Just a week ago I wrote of the joys of unexpectedly bumping into the aurora borealis on the north coast. "Let's do it again soon, old friend," I signed off, fully expecting a wait of a few months, perhaps longer. 

Little did I know that, as I typed those words, I would once again find myself out in the wee small hours aurora chasing - one week to the day from my last time! This time I headed to the west coast of Co Antrim, to the picturesque village of Glenarm.

As ever, it was a combination of watching the aurora stats and keeping an eye on the live updates from Aurora UK on Facebook that prompted me that some action might be on the cards. As ever, on Facebook, I have had some people post saying they wish they'd seen this or wondering how they can know if the aurora is happening.

In this blog, I want to show you something of the data behind the display last night. As I began to chase auroras, I started to try to teach myself how to read these charts so that I could better forecast any possible activity for myself. Here's a bit of an insight into what I was looking for last night in the hope that it might help you begin to decipher the mysteries of the aurora for yourself!

The first thing to say is that there are no guarantees with the aurora. But that's not to say it's down to pure chance. If you know how to read the charts and data, you can know when the probabilities of a display are better. Here's how I go about it.


The possibility

Although there can be auroras that catch everyone by surprise, in most cases we can know if one is a possibility by monitoring the sun. For the case of Monday night, there had been a solar emission from a Coronal Hole which raised the chance that we would see action. The forecast had been primarily for it to impact on Sunday night, but there was a chance of some residual activity spilling over into Monday. So we were on the look out - it might be happening!

The magnetometers

When I know that there's the chance of action, the next thing I do is keep an eye on the magnetometers. The aurora occurs as a result of the way the sun's magnetic field interacts with the earth's magnetic field. We have a series of magnetometers positioned at different latitudes that measure the magnetic fluctuations that result when an aurora display is happening. That's what this graph shows. Basically, we're looking for two things:

  • the bigger the fluctuations on the graph, the better
  • the further south those fluctuations are registering, the better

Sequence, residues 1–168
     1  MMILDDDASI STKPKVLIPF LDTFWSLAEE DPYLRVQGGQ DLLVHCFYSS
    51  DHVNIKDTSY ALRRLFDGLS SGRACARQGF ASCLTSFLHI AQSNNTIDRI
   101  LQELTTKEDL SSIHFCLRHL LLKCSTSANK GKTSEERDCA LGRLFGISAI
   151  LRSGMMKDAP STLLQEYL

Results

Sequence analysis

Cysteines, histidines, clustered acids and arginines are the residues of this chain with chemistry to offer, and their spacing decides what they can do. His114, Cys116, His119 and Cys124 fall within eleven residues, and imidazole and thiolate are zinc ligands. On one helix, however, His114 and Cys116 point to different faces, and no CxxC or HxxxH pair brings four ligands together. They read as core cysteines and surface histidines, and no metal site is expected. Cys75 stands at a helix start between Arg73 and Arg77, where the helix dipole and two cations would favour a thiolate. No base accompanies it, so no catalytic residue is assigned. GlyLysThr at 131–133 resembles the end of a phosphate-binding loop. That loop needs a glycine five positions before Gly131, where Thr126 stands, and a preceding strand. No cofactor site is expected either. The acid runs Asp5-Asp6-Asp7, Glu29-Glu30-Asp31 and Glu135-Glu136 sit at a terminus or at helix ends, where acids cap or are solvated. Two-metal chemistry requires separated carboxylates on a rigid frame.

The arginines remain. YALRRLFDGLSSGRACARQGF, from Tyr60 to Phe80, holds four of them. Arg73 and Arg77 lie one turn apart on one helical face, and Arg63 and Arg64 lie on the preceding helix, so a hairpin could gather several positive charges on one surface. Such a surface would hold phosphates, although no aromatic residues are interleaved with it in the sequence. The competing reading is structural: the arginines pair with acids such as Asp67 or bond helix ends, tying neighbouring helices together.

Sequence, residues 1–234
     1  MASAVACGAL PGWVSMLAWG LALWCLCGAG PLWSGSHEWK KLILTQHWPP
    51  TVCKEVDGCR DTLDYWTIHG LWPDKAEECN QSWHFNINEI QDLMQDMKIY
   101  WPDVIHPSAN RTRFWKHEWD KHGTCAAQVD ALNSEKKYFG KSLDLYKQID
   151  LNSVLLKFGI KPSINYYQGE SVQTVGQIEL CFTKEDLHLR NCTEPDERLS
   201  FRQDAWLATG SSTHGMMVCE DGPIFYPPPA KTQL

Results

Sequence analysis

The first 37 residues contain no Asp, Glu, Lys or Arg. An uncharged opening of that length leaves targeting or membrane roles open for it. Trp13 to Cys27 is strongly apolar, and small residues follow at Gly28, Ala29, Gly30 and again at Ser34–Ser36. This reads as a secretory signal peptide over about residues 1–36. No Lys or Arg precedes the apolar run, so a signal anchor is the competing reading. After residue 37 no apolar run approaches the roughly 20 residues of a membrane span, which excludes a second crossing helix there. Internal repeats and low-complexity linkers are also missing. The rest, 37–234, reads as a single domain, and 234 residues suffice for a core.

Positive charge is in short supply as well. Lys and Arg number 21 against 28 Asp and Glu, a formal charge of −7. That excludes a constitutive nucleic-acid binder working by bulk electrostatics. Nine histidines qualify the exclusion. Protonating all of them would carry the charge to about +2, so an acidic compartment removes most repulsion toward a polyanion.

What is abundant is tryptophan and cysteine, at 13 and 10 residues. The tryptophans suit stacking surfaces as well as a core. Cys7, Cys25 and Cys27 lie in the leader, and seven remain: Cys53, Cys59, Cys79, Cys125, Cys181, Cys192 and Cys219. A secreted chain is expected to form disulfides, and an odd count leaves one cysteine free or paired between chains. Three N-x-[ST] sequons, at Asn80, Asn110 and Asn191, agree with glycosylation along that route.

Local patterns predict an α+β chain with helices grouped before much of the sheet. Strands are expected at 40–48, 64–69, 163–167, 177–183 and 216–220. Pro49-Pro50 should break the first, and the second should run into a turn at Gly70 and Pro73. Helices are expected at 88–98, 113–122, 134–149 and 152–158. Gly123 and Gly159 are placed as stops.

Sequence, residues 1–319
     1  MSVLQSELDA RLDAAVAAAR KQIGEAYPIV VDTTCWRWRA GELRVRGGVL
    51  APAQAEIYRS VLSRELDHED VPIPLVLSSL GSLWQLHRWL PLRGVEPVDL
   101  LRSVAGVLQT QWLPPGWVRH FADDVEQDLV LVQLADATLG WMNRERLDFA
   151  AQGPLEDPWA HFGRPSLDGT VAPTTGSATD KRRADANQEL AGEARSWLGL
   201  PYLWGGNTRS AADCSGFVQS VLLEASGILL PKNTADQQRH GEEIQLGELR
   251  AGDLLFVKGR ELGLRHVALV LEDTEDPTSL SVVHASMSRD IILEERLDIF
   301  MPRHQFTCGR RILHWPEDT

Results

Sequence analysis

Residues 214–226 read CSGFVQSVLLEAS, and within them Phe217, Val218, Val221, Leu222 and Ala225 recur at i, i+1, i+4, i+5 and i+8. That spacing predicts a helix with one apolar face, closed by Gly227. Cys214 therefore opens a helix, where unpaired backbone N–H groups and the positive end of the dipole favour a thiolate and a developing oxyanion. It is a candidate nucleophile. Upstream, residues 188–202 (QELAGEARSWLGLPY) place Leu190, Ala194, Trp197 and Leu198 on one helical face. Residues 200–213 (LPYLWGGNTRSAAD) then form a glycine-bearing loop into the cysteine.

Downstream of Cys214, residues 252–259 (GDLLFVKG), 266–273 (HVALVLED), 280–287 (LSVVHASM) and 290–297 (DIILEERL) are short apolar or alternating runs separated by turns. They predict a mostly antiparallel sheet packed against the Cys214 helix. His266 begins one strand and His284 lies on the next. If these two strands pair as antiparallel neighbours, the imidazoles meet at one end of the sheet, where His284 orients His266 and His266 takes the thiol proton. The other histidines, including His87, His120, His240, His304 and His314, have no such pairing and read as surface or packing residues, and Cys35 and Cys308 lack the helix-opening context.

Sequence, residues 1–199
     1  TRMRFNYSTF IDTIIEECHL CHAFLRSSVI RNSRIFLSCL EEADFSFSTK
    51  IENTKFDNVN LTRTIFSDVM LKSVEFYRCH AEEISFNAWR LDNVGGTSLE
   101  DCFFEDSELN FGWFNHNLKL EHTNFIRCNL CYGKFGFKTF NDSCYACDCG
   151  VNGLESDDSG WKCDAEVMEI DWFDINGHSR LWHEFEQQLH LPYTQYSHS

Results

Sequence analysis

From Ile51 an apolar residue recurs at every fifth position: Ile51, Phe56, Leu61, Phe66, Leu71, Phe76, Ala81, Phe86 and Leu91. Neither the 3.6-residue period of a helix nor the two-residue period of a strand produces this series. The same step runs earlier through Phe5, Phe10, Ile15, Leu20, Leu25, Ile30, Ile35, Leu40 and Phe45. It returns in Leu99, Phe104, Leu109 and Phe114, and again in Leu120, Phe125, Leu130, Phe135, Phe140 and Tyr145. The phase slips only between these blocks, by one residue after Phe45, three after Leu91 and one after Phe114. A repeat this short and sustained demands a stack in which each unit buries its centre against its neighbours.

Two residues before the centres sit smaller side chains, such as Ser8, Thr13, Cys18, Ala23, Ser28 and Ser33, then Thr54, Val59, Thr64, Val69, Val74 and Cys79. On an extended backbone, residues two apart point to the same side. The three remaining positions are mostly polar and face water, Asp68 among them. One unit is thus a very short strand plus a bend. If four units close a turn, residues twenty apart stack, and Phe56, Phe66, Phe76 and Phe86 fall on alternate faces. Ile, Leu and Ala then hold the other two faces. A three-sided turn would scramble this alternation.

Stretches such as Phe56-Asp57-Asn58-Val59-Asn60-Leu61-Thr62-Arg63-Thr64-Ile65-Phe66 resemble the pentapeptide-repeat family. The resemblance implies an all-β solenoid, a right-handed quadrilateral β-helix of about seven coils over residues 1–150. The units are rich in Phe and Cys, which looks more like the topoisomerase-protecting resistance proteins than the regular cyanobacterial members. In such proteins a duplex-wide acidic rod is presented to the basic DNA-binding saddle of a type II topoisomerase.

Here is the action on the magnetometers during the 23 February. The magnetometers had been twitching during the day, but into the afternoon and early evening, they really started to move around. This was  something well worth keeping an eye on indeed!

Figure 1 - the magnetometers

Reports from the field

When I see the magnetometers looking like this, I go looking for real time reports of fellow aurora spotters who are out on their own field trips. Typically, in the first instance, these are the fine folk of Scotland who post in Aurora UK on Facebook. If I see action there, I'm able to judge the likelihood of me seeing it in Northern Ireland. As they are further north, they will get stronger displays - if they are barely picking anything up, then there's very little chance I will further south. If, however, things are kicking off for them big style, then I consider heading out (weather permitting, of course!) Last night the reports started coming in of pretty impressive displays from Scotland. That was enough to entice me to head out on the hunt myself!

Taking it further - the stats behind the magnetometers

If you want to develop your knowledge further, then you need to wrap your mind around things like the IMF and the Solar Wind, as this will introduce you to the all important Bz. Now it might start to get a bit more complicated here, but here are some other graphs that it may well be worth your while studying a bit. Again, these are from 23 February and the section highlighted in yellow is when I was out 

Figure 2 - the solar wind and IMF

The graph below shows the Bz and Bt from earlier on 23 February - you can see the red Bz line is negative for large parts of the day, setting us up for the display that evening. 

Figure 3 - the IMF data for earlier on 23 February - you can see it was negative for a large portion of the afternoon

From midnight on in figure 2, you can see again that the red Bz line dropped into negative values. By then, I was back home in bed. But for those who stayed out and braved the very strong (earthly) wind and gales, and who managed to have gaps in the clouds, they were treated to some amazing strong displays with intense colours on camera and vertical structures clearly visible. Nice as it would have been for me to stay out, I really needed my beauty sleep last night. But I went home pretty happy with the results of my hunt anyway!

Summary

  1. Know when an aurora is possible (is there a Coronal Hole or Coronal Mass Ejection (CME) headed our way?)
  2. Watch the magnetometers to see if things are twitching.
  3. Look out for reports in the field to see what's actually happening.
  4. Watch the values for the solar wind and especially the Bz element of the IMF - is it negative?

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